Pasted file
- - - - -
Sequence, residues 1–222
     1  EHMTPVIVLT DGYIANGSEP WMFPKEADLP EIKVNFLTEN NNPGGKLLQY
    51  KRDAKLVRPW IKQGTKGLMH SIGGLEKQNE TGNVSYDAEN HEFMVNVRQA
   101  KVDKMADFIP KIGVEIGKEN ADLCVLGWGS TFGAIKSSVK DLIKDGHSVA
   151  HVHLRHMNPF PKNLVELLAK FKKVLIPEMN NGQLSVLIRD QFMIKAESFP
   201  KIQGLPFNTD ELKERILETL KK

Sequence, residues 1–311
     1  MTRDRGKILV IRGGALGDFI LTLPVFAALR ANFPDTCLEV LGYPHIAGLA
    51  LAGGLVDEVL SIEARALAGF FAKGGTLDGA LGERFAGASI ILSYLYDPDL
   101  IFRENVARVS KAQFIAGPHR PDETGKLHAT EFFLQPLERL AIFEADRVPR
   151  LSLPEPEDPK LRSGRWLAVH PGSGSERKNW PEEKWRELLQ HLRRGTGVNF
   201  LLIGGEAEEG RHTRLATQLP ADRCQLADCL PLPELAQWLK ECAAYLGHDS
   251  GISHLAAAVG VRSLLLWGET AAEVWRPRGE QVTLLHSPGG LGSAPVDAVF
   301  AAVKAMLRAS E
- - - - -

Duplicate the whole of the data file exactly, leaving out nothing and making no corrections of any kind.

Sequence, residues 1–222
     1  EHMTPVIVLT DGYIANGSEP WMFPKEADLP EIKVNFLTEN NNPGGKLLQY
    51  KRDAKLVRPW IKQGTKGLMH SIGGLEKQNE TGNVSYDAEN HEFMVNVRQA
   101  KVDKMADFIP KIGVEIGKEN ADLCVLGWGS TFGAIKSSVK DLIKDGHSVA
   151  HVHLRHMNPF PKNLVELLAK FKKVLIPEMN NGQLSVLIRD QFMIKAESFP
   201  KIQGLPFNTD ELKERILETL KK

Sequence, residues 1–311
     1  MTRDRGKILV IRGGALGDFI LTLPVFAALR ANFPDTCLEV LGYPHIAGLA
    51  LAGGLVDEVL SIEARALAGF FAKGGTLDGA LGERFAGASI ILSYLYDPDL
   101  IFRENVARVS KAQFIAGPHR PDETGKLHAT EFFLQPLERL AIFEADRVPR
   151  LSLPEPEDPK LRSGRWLAVH PGSGSERKNW PEEKWRELLQ HLRRGTGVNF
   201  LLIGGEAEEG RHTRLATQLP ADRCQLADCL PLPELAQWLK ECAAYLGHDS
   251  GISHLAAAVG VRSLLLWGET AAEVWRPRGE QVTLLHSPGG LGSAPVDAVF
   301  AAVKAMLRAS E